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Home > Newsletters > July 2004 >

Treatment of Withdrawal Symptoms Associated With Substance Abuse Detox With Acupuncture

A Case Study

SHARON SKOK, Phase I Intern
MING-DONG LI, Supervising Faculty
DOUG EISENSTARK, Supervising Faculty
Yo San University Clinic

Abstract: This case discusses the use of acupuncture in the treatment of abuse of benzodiazepines and opiates in an adult male. Acupuncture can be a successful adjunct therapy to the Western detoxification programs in treating withdrawal symptoms.


An estimated 22.0 million Americans aged 12 or older in 2002 were classified with substance dependence or abuse – 9.4 % of the total population. Prescription drug abuse is on the rise in the United States. According to the National Institute of Drug Abuse, an estimated 4 million people (2% of the population aged 12 and older) were currently using certain prescription drugs non-medically. 2.6 million used pain relievers, 1.3 million used sedatives and tranquilizers, and 0.9 million used stimulants. This case addresses the misuse and dependency on sedatives (CNS depressants) and pain relievers (opiates).

CNS depressants are substances that slow normal brain function and are used to treat Anxiety and sleep disorders. Barbiturates such as mephobarbital (Mebaral) and pentobarbital sodium (Nembutal) are used to treat Anxiety, tension, and sleep disorders. Another class of CNS depressants is Benzodiazepines, which includes diazepam (Valium), chlordiazepoxide HCI (Librium), and alprazolam (Xanax). These substances are also used to treat Anxiety and insomnia, as well as acute stress reactions and panic attacks. CNS depressants act to increase the neurotransmitter gamma-aminobutyric acid (GABA), which decreases brain activity and produces a calm and drowsy effect. Used long term, the body develops a tolerance and larger doses are needed to achiever the same effects. In addition, the body becomes physically dependent and experience withdrawal when the drug is stopped or reduced.

Opiates are a group of substances available in street and illicit forms as well as by doctors’ prescription. They act as analgesics by mimicking endorphin-like substances in the brain. Natural opiates are derived from the opium poppy and abuse dates back to the turn of the century (and earlier in the Far East). Naturally occurring opiates include opium, morphine, and codeine. Semi-synthetic opiates include heroine and oxycodine (Percodan). Synthetic opiates are called opioids and include propoxyphene (Darvon), meperidine (Demerol), and methadone. Opiates/Opioids produce a floating sensation, euphoria, decreased respiration, analgesia, drowsiness, and clouded mental function. Tolerance develops rapidly with regular abuse, and this class of drugs is highly addictive.

Western Medicine’s definition of addiction requires two conditions – tolerance and withdrawal. Tolerance involves the adjustments the body makes in the presence of an addictive chemical. More of the chemical is needed to have the same effect. Withdrawal is the physiological response of an organism when the addictive agent is suddenly removed.

Benzodiazepines withdrawal symptoms:
anxiety, panic reactions, insomnia, seizures, and tremors.

Opiate withdrawal symptoms
insomnia, sneezing, violent yawning, weakness, nausea, vomiting, chills, flushing,
ejaculation, abdominal pain, muscle pain.

Treatments for drug addiction vary according to individual needs, however it is not recommended that individuals addicted to benzodiazepines stop using the drug(s) on their own due to potentially life threatening complications associated with withdrawal such as decreased heart rate and seizures. Medically supervised detoxification is advised, as the drug dosage must be gradually tapered off. Behavioral therapy is also recommended. In terms of opiate abuse treatment, either complete abstinence or medication is used for treatment in addition to behavioral therapy. In some treatments methadone is used. It is a synthetic opioid that block the effect of opioids/opiates, eliminating withdrawal symptoms and relieving drug cravings. Methadone has been used for 30 years in the treatment of opiate abuse.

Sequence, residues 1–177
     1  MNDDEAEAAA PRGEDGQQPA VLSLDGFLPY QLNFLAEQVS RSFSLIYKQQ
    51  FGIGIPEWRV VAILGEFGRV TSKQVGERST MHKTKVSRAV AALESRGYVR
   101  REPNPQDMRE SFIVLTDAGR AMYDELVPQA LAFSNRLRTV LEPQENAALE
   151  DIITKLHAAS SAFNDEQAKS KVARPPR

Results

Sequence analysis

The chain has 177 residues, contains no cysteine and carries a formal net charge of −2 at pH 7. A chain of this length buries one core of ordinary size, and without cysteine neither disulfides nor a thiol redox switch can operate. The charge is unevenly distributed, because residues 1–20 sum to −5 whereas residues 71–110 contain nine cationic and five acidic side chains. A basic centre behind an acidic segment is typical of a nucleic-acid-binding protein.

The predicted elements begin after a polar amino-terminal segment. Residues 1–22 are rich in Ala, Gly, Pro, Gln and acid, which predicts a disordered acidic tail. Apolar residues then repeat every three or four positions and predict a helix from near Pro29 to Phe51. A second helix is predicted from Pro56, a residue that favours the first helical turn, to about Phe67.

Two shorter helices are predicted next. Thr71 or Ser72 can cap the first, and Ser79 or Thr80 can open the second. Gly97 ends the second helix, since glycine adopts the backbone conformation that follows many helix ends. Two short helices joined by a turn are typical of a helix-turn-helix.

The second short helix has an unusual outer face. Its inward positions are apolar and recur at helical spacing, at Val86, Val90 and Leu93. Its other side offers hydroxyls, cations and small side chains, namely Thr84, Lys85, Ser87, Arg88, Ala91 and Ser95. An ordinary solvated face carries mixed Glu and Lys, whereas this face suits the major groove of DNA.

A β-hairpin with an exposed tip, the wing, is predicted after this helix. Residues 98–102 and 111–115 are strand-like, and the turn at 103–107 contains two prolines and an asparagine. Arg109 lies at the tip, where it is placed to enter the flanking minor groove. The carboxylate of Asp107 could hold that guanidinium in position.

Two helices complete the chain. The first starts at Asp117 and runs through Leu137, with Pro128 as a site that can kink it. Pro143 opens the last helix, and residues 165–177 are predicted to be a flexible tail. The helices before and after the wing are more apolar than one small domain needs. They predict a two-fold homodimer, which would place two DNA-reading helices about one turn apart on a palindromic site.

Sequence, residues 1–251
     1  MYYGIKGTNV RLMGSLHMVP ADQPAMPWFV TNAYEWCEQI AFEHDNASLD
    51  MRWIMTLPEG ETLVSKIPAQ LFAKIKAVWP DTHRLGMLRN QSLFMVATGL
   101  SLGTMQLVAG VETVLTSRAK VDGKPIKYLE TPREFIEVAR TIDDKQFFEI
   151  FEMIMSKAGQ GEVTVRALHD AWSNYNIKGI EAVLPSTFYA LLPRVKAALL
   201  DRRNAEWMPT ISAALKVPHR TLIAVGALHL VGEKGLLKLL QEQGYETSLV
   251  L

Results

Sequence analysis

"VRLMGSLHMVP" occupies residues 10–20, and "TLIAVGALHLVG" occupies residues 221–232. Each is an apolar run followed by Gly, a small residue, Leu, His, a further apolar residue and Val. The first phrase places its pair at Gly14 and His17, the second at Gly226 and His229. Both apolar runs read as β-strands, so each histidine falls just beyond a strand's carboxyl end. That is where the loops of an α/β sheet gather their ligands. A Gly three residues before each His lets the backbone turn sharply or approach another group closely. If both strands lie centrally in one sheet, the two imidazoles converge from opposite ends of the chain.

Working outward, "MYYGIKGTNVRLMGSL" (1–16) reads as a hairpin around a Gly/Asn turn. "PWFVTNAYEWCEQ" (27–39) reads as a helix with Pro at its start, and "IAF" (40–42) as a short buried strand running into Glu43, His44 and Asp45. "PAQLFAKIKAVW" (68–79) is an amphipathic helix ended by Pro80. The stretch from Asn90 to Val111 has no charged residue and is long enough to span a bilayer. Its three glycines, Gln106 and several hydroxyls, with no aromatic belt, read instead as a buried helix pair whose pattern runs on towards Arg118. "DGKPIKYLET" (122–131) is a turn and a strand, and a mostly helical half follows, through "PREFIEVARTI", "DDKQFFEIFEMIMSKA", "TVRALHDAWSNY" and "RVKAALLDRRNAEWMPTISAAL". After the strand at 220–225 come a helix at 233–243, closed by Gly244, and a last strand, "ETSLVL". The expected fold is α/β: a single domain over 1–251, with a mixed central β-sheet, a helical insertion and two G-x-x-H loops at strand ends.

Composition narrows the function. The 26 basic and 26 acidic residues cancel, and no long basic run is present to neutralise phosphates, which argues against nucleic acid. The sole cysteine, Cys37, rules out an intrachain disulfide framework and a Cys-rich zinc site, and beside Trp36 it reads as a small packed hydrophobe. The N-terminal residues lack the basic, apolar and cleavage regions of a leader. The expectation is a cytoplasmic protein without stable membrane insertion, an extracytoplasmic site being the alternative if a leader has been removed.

Chinese Medicine and acupuncture have successfully been used to assist in drug detoxification. The use of auricular acupuncture in treating acute drug withdrawal began in Hong Kong in 1972. However, China has a long history of opiate use beginning in the early 18th century. In 1729, Emperor Yung Chen attempted the first suppression of opium when issuing an edict banning the smoking of opium. Opiate use became a major public health concern in the early 20th century China. In 1949, there were thought to be 20 million opiate addicts. I would image that Traditional Chinese Medicine was used to assist in the treatment of addicts during this time.

The mechanism of action of acupuncture in the treatment of Substance Abuse is as follows:
Increases levels of endogenous endorphins
Directly acts on the central nervous system
Increases circulation
Stimulates the immune system


SB is a 33 year-old Caucasian single male who works as an operations director for a DVD distributor in Los Angeles. He found the Yo San University Clinic through a referral from a chemical dependency counselor from the drug detox program at a local medical center where he had sought treatment. He had experienced acupuncture for the first time the day prior at another alternative health care center that was too costly for regular treatments. He alternatively turned to the Yo San University Clinic for treatment.

SB’s first visit at Yo San occurred on September 26, 2003. 15 days prior to this visit, he had entered a drug detox program. He left the center on September 22, 2003, four days prior to his Yo San visit. He entered the drug detox program after 9 months of daily drug use of benzodiazepines (Valium and Xanax) and 1 1/2 months of opiate use. During this 9-month period, crack cocaine (a stimulant) was also used at times for energy to counter the lethargy/sedation from the benzodiazepines.


At his initial consultation, SB complained of physical discomfort associated with drug withdrawal from benzodiazepines and opiates, and less frequent use of crack cocaine. His main areas of concern were:

physical weakness and coordination problems – SB described feeling out of touch with his body and felt like he was walking on wood planks. He described his movements as unsmooth and felt that he couldn’t trust his movements. He also experienced muscle spasms in the arms and legs.